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Course Details

 

Course Details

Course Code: SPST310 Course ID: 4832 Credit Hours: 3 Level: Undergraduate

This is a survey course of rocket propulsion that covers the history of rockets, the basic science of rocket propulsion including Newton’s Third Law, basic fluid mechanics, the ideal rocket equation, nozzle design and impulse, types of rockets including thermodynamic and electrodynamic, and exotic propulsion methods such as solar sails, tethers and the future of antimatter propulsion. As an introductory survey course, the objectives of this class are geared towards gaining a conceptual understanding of these topics and how rocket propulsion works, rather than memorizing a lot of facts.

Course Schedule

Registration Dates Course Dates Start Month Session Weeks
08/31/2021 - 02/04/2022 02/07/2022 - 04/03/2022 February Winter 2022 Session I 8 Week session
11/30/2021 - 04/29/2022 05/02/2022 - 06/26/2022 May Spring 2022 Session I 8 Week session

Current Syllabi

Upon completion of this course, the student will be able to:

  1. Summarize the contributions of early rocket pioneers
  2. Apply Newton's Third Law to the basic principles of rocket propulsion
  3. Compute the propellant mass fraction of a given rocket system
  4. Describe the principles of thermodynamic rockets
  5. Analyze different types of thermodynamic rocket systems and their operating principles
  6. Describe electrodynamic rocket principles
  7. Use operating principles of electrodynamic rocket systems to distinguish structures and operations of electrodynamic rockets
  8. Examine exotic or future rocket technologies

Forums: For each forum, you are required to post your own response to the given topic and to respond to at least two of your classmates. Your main post must be at least 200 words, and your responses must be substantive (not merely “Good post”).

Exams and Quizzes: the quizzes, midterm exam and final exam will be open-book, open-resource. The short-answer questions will require well-researched and detailed answers.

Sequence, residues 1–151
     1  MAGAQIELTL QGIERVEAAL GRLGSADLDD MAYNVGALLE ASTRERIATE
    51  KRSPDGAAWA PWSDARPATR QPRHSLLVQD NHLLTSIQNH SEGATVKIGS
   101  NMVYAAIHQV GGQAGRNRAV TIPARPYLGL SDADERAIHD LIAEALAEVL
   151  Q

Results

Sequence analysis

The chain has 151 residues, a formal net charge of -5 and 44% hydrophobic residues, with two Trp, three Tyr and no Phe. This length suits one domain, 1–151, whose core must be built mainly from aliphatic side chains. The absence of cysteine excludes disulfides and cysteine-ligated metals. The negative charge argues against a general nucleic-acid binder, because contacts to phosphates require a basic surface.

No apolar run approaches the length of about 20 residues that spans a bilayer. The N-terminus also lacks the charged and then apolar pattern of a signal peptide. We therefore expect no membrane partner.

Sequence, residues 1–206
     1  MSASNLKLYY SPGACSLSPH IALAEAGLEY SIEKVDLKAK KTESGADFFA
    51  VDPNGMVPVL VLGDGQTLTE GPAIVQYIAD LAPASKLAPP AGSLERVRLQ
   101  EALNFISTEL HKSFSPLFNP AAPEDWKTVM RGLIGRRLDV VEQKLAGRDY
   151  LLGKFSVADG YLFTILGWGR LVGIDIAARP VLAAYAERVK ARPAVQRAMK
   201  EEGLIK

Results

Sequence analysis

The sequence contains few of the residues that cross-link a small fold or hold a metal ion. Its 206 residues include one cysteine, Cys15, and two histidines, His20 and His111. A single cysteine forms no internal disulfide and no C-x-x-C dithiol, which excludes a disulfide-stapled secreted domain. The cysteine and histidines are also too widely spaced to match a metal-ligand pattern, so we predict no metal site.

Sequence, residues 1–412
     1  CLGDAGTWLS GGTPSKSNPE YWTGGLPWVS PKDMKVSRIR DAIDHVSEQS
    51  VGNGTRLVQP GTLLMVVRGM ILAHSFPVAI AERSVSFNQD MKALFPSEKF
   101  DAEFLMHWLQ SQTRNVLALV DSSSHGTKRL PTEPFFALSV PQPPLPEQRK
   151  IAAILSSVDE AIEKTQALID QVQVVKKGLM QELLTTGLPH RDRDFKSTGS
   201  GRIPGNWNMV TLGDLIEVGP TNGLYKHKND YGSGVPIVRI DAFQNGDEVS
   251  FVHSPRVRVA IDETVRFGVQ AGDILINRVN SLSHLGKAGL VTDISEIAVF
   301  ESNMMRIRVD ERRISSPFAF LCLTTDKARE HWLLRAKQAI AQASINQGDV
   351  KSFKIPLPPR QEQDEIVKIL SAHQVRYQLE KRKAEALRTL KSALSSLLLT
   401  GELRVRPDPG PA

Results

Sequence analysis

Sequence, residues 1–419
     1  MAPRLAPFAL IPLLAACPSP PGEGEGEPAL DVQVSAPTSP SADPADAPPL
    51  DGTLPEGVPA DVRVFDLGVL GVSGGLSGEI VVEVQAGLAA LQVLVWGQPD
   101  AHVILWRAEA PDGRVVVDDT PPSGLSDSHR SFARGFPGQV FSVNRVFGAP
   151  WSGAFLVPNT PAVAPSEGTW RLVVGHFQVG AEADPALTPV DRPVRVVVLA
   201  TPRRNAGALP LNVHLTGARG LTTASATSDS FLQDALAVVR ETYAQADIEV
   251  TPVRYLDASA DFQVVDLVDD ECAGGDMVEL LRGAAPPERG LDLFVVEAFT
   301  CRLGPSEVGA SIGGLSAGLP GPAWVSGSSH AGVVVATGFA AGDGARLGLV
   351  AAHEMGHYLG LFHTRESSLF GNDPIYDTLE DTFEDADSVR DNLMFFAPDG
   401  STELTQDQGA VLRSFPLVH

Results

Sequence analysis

Research paper subject approval: the student will select a topic directly related to rocket propulsion and submit the proposal as a written assignment not later than the end of week 2. The proposal will include the topic, the reason the topic was chosen, and a draft abstract (a concise summary that describes the scope of the paper and identifies the objective or intended results).

Research paper - outline and draft bibliography: no later than the end of week 4, the student will provide the following:

  • a draft outline of the paper, including the major topic areas to be discussed
  • an initial bibliography

Research paper - draft and final bibliography: no later than the end of week 6, the student will submit the following:

  • the first draft of the research paper
  • final bibliography

Research paper - final: not later than the end of the course (week 8), the student will submit the final paper, which must be related to the course subject area. The final paper must not be less than 10 pages in length, not including title page and bibliography/references. There must be a minimum of two published (not web site) references, such as textbooks or papers published in professional journals, and at least five total sources, which may also include magazine or web articles.

Final paper grading: the research paper will be graded on the following criteria:

  • Research: did the student conduct important and relevant research in the area?
  • Analysis: did the student thoroughly analyze and evaluate the data?
  • Conclusions: did the student make original, logical, rational and convincing arguments based on the analysis?
  • Was the paper well-written in a clear, logical style using proper grammar, spelling and punctuation? Was the paper properly formatted and referenced?

Upon completion of this course, the student will be able to:

  1. Summarize the contributions of early rocket pioneers
  2. Apply Newton's Third Law to the basic principles of rocket propulsion
  3. Compute the propellant mass fraction of a given rocket system
  4. Describe the principles of thermodynamic rockets
  5. Analyze different types of thermodynamic rocket systems and their operating principles
  6. Describe electrodynamic rocket principles
  7. Use operating principles of electrodynamic rocket systems to distinguish structures and operations of electrodynamic rockets
  8. Examine exotic or future rocket technologies
Book Title:Introduction to Rocket Propulsion - the VitalSource e-book is provided inside the classroom
ISBN:9781308656977
Publication Info:VS-McGraw-Hill
Unit Cost:$49.83
Electronic ISBN:9781307190274
Electronic Unit Cost:$35.00
 

Previous Syllabi

Not current for future courses.